Addressing county commissioners

Hunt County Civil Attorney Daniel Ray speaks to the Hunt County Commissioners Court Tuesday concerning the issuance of a disaster declaration for the county in response to the COVID-19 pandemic.

The Hunt County Commissioners Court issued a disaster declaration for the county, which will go into effect at 11:59 p.m. Tuesday, in response to the COVID-19 pandemic.

The measure, approved unanimously by the commissioners court during a Monday morning meeting, is similar to the order issued Sunday afternoon in Dallas County, under which anyone not working under an essential service must stay at home. Essential services include health care operations, grocery stores and pharmacies and businesses providing critical infrastructure.

Hunt County had not yet had a confirmed case of the virus as of Monday morning.

But County Judge Bobby Stovall said the disaster declaration was designed to help prevent the virus from overtaking the county’s resources.

“We’re in dire straits if this thing breaks out in Hunt County.” Stovall said. “It we don’t do something to pre-empt a tsunami of illnesses, it is just going to overrun our hospital.”

Services such as the Meals on Wheels program through Senior Center Resources and Public Transit will remain open, as will trash collection, child care centers, electric and other utilities.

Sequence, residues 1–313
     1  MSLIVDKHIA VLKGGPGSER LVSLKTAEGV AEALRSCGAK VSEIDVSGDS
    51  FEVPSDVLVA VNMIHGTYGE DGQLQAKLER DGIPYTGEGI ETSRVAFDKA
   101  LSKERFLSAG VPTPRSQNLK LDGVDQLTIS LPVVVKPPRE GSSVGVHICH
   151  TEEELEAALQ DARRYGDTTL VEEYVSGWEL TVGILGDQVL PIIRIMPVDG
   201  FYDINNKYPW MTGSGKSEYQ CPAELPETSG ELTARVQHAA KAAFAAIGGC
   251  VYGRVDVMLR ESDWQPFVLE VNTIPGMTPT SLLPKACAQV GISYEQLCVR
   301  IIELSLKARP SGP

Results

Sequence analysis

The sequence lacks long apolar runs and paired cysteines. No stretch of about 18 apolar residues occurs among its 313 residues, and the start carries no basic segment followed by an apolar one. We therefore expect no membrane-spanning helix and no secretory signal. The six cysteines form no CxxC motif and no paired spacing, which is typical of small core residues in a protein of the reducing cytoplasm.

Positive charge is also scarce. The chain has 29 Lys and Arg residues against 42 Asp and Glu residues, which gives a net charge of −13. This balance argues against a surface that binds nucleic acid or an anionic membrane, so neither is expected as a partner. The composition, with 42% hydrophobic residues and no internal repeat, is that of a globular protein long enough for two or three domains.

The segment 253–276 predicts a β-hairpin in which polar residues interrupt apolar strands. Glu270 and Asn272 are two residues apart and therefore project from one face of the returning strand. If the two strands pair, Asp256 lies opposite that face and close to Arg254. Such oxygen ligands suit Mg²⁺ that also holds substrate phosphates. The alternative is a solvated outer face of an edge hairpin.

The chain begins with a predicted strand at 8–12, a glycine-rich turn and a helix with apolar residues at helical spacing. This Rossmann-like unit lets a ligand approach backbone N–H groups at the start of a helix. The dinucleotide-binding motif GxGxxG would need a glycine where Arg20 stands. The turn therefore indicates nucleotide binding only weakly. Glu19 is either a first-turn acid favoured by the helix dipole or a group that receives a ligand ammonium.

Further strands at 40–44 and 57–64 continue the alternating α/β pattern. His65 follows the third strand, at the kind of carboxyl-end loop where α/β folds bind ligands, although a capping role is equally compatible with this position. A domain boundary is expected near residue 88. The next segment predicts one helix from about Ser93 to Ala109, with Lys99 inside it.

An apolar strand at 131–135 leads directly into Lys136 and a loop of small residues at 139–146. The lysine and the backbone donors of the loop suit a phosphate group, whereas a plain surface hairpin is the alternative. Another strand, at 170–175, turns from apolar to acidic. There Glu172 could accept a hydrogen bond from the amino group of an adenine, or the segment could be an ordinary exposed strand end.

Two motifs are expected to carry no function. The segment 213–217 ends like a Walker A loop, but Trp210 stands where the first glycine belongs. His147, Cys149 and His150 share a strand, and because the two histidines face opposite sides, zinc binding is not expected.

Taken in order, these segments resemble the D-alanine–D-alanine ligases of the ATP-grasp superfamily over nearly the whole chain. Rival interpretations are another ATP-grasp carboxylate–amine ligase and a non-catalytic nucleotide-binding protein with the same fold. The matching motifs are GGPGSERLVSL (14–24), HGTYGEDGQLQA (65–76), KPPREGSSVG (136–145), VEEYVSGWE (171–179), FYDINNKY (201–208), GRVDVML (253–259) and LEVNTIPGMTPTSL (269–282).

Monday’s decision also implements the Hunt County Emergency Management Plan, under which individuals caught violating the oder can be cited and face a fine of up to $1,000 and/or a sentence of up to 180 days in jail.

County Civil Attorney Daniel Ray noted that law enforcement officers were dispatched Sunday night to a party which included more than 10 people, which was in violation of the emergency order the county issues on March 16.

“Without an enforcement section like this in the plan, the county could be faced with potential issues of deciding to just not do it,” Ray said.

Restaurants may remain open, but only provide drive-through, delivery or curbside service.

The Greenville Independent School District indicated that it will continue to provide breakfast and lunches, as feeding students is considered an an essential government function under the order.

Monday’s declaration will remain in place through April 3, by which time the commissioners expect to meet again and will address whether to extend the measure.

The formal disaster declaration resolution, which details the county’s stay at home order and lists which types of essential services are allowed to stay open, is included at the county’s web site at: www.huntcounty.net/upload/page/9857/docs/Disaster%20Resolution%20STAY%20IN%20PLACE.pdf.

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